That's the issue in a nutshell. The genius of DL is how it uses gamification to make us want to learn. Lingots and crowns and owls and leader boards are ultimately meaningless, but if they get us excited about learning, they're wonderful. On the flip side, bugs that get us angry are disastrous. They may not literally stop us from learning something, and there may be a technical work-around, but if they make us feel frustrated or cheated they keep us from studying, keep us from learning, and keep us from having fun.
And leave us with a bunch of broken dishes to clean up.
With the new recent updates this spring of 2019 I've noticed that at least exercises do not work on my device. The three flash cards cover up the word so I have to guess which is the right card. Plus, there's a new 'fill in the blank.' My keyboard doesn't work for it nor do I get the touch keyboard from duo. This causes me to get them wrong if I don't guess right and I can't finish an exercise. This will cause me not to continue learning German and Italian through Duolingo. I hope this can be fixed soon. Why do you alway feel you have to upgrade? It was just fine during the winter of 2019.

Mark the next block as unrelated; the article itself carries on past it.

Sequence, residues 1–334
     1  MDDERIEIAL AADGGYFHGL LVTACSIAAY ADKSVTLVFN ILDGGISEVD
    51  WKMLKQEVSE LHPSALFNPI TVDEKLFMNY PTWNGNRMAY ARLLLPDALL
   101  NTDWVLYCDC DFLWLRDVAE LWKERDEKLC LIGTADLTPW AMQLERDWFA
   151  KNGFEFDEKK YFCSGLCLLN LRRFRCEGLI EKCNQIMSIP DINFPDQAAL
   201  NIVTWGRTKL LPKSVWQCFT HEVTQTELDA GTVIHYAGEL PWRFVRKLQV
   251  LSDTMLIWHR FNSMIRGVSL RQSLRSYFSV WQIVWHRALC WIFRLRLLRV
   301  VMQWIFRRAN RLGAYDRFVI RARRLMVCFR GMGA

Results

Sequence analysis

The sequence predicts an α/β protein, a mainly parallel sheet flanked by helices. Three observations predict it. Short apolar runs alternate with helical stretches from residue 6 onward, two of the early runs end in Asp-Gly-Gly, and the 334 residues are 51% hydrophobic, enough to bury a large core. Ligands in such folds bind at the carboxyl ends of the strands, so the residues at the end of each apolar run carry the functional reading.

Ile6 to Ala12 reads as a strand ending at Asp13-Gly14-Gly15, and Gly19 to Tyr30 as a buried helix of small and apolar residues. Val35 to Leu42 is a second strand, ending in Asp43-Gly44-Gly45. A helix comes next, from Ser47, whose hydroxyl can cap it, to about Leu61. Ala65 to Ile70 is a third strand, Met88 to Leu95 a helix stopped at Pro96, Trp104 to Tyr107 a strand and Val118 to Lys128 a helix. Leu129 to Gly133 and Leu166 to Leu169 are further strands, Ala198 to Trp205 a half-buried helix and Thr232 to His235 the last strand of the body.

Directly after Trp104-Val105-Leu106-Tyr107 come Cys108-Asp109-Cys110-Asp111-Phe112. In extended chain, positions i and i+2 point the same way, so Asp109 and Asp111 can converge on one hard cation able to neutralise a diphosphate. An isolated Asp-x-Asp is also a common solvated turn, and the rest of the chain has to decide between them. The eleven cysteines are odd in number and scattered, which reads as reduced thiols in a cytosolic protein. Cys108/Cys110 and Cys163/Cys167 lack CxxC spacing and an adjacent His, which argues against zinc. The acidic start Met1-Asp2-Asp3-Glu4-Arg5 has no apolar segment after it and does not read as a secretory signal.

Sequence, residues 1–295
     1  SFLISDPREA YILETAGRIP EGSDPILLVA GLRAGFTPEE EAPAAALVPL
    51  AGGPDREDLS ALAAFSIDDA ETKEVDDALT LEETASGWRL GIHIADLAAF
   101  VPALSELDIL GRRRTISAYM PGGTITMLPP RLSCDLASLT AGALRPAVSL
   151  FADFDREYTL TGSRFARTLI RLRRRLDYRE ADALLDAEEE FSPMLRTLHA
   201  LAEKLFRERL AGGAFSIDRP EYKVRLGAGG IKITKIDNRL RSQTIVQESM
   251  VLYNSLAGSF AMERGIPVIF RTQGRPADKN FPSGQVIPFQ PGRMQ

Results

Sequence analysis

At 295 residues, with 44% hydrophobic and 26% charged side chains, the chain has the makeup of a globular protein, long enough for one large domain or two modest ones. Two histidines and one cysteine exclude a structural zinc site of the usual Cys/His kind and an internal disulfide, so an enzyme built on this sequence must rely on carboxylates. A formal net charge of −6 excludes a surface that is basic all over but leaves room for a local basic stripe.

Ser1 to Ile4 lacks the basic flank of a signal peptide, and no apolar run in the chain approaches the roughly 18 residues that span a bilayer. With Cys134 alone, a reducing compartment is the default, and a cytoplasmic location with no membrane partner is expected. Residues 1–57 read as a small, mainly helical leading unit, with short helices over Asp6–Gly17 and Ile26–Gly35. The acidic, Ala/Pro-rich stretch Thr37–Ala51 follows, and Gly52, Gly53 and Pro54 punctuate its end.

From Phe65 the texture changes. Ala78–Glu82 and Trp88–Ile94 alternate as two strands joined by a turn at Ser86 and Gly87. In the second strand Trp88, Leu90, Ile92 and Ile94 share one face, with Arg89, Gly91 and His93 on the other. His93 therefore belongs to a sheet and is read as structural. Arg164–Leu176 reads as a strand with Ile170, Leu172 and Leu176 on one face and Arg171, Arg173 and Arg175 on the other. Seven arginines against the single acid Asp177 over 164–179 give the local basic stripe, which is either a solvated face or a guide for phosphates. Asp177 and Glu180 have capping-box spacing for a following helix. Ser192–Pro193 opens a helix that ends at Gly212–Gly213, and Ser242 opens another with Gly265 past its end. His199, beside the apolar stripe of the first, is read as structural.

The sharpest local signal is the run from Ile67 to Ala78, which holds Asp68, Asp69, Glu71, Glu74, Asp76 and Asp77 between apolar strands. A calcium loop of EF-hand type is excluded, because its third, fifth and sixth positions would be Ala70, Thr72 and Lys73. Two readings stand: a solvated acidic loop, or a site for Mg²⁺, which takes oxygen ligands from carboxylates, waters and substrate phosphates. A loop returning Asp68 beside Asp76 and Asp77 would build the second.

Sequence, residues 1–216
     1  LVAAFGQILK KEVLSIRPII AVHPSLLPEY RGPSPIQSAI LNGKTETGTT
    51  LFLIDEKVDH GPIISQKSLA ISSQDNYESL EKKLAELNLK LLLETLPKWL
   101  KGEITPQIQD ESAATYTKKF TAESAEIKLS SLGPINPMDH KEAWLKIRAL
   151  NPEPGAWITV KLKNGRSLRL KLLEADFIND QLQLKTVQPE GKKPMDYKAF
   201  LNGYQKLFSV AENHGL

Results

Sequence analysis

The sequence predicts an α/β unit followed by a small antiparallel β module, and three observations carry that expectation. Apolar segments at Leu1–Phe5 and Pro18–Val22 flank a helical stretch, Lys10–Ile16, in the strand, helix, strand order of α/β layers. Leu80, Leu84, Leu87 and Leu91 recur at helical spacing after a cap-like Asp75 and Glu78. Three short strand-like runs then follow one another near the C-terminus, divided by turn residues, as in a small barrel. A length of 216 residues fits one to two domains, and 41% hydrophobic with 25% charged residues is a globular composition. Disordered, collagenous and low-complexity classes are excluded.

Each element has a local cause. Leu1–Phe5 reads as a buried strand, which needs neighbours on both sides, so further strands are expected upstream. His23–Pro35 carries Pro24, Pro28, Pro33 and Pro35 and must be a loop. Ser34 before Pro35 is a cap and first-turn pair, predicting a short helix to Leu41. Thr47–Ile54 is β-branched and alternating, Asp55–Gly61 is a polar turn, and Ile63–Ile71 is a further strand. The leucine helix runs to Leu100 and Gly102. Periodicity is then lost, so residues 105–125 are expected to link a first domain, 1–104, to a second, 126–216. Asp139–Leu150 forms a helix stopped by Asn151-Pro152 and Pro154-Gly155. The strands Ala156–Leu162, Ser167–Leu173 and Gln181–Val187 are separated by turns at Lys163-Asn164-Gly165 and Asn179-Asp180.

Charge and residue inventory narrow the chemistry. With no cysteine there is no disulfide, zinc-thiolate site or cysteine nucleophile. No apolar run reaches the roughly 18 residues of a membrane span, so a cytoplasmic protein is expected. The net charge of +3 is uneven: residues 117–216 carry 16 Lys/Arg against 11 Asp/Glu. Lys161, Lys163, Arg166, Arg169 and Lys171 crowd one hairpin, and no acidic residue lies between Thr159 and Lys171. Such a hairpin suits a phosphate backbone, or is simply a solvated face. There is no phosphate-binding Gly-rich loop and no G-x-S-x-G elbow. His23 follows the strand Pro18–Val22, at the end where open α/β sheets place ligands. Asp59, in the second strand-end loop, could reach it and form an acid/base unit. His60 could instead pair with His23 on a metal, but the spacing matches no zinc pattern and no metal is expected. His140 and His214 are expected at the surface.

I have same problem w level 1 German on my iPad. I cant see under the flash cards but I can keep guessing but then I cant enter the text at all on other questions. I would welcome a useful change like being able to shuffle word bank tiles, especially with the back-to-front language i'm learning.